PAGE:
Sunday, August 30, 2009

Coffee Shop Witnessing

The other night I went off to the coffee shop to continue my reading, seems like that is almost all I do these days. So in comes a young couple, Kenny and Sarah. They began to chat with the barrista who sent them in my direction, figuring a theologian was better able to deal with their questions of heaven. So over they come and Kenny begins asking me if I'm born again. Like many evangelicals he was looking for certain phrases that would indicate I was actually what he considers a "real" Christian. I was happy to brush aside much of the probing and ask them some questions about themselves and what they were up to that night. Fortunately Kenny had heard about the Vineyard so they found me relatively safe.

So here is what is interesting, Kenny and Sarah are on their first date. I ended up praying for them and hopefully encouraging them. In fact what they were doing was pretty cool, going out trying to follow God's leading to share "the gospel" with folks. Unfortunately, Sarah didn't do much of the talking and Kenny had pretty simple notions of what this "gospel" was supposed to be. I think challenging them would have messed up something more interesting that was happening - they were living out their convictions and trying to bless people.

Now there probably was another side of this, see Kenny is courting Sarah so in evangelical culture sharing the gospel with strangers can be akin to slaying a dragon or bringing home the bacon. But it seemed like Sarah was the instigator. Earlier that evening she had made some brownies and they went to a random door with them and "the gospel". Turns out they were led to another Christian who they blessed with a bible and snackage. Nice. I imagine Sarah's brownies were pretty good as she was out to impress the new "man". But in the midst of this interesting courting ritual Sarah and Kenny were doing something pretty cool.

So here I am sitting with these really nice young people. I'm dodging the occasional probe to see if I'm really an evangelical Christian, the barristas' are cringing (they apologized to me later, unnecessary but also pretty nice) and I find out this is their first date. Nice. So I decide to encourage them and ask to pray. I think they will continue to have some really interesting encounters. I hope that they do it long enough to let their ideas of "the gospel" mature. I also hope they end up encouraging many people with their witnessing. Bless you Kenny and Sarah, thanks for witnessing to me.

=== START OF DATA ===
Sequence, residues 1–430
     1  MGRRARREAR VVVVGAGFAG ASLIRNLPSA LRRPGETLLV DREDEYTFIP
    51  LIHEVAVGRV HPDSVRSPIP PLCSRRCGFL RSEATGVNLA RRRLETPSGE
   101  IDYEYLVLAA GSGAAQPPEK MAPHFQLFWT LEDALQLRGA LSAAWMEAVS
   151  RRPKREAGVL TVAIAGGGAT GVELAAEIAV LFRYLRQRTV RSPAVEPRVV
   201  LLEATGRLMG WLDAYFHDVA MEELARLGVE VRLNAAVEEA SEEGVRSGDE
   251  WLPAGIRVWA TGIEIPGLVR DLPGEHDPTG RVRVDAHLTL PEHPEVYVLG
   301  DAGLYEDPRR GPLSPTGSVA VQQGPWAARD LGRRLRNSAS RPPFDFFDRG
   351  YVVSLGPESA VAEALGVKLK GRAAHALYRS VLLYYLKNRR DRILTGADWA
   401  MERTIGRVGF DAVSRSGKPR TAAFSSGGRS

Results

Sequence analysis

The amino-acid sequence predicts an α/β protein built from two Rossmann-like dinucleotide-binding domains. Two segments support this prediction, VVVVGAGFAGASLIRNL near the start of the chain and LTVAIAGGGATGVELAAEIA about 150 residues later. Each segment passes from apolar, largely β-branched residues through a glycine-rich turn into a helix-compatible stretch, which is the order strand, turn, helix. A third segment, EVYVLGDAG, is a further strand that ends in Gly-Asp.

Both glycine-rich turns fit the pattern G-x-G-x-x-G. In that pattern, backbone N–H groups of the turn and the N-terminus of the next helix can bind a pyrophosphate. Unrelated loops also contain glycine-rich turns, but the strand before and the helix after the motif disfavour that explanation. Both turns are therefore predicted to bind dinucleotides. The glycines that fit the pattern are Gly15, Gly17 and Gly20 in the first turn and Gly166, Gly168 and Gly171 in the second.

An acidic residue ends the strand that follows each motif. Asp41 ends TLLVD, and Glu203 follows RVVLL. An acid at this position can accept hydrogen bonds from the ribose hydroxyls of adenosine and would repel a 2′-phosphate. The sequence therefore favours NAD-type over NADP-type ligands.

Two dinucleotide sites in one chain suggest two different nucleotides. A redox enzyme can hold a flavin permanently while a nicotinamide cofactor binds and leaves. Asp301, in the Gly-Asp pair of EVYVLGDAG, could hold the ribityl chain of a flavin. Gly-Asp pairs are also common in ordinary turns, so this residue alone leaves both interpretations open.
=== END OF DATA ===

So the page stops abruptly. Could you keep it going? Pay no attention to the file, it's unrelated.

Saturday, August 15, 2009

Justice and Relationships

In reading Fuellenbach's awesome book on the Kingdom of God he notes that in Old Testament terms Justice is always a matter of relationships. Hence, it is often synonymous with the word righteousness - or right relationships. In fact death indicates an end of relationships and the possibility of making these right (of course themes of judgment might challenge this). Fuellenbach also cautions us not to truncate this notion of relationship to the personal world of our relationship with God. It has to do with all relationships, yes with God, with self and others - but also with the world God so loved. This notion opens up some wonderful ways of understanding incarnation as God's act of restoring the relationship God has with all of creation (indeed all of the cosmos if we take the Greek wording of John 3:16 serious). So, by implication, to be a Kingdom people requires that we be about relationships. Restoring relationships to their right form and function. Of course that opens up a whole huge discussion about what the right form and function actually consists of - this is not at all self-evident. Regardless, the Kingdom of God should always lead us smack dab into the centre of that discussion. And further it should lead us to act on our convictions about the nature of relationships.

Sunday, August 09, 2009

History - Competing Views

I'm reflecting a bit on notions of history. I find that the prevailing evangelical view is that history is really salvation history, or the story of God's saving work throughout time. The big problem with this view is that it was torpedoed by the Enlightenment, our capacity, as a species, to change the course of history (transforming nature and society) has led to a view of history that is very anthropocentric. This is the notion of history behind old school liberal social gospel thinking that says we are the ones who create/build the Kingdom of God. Ironically that language is also pervasive in evangelical circles, but then again we are known for our incapacity for self-reflection, no matter. These two views of history obviously have little in common - except that they are both true! Yeah, that's the twist. I have a sense that the working understanding of truth (function and form) is partly to blame, but also the existential questions that prevail in North American thinking also contributes to our polarization of the notions of history. Certainly there is a fear of the follies of the Social Gospel, but perhaps the answer is not to write it off but take it seriously as part of the truth, just not the whole truth.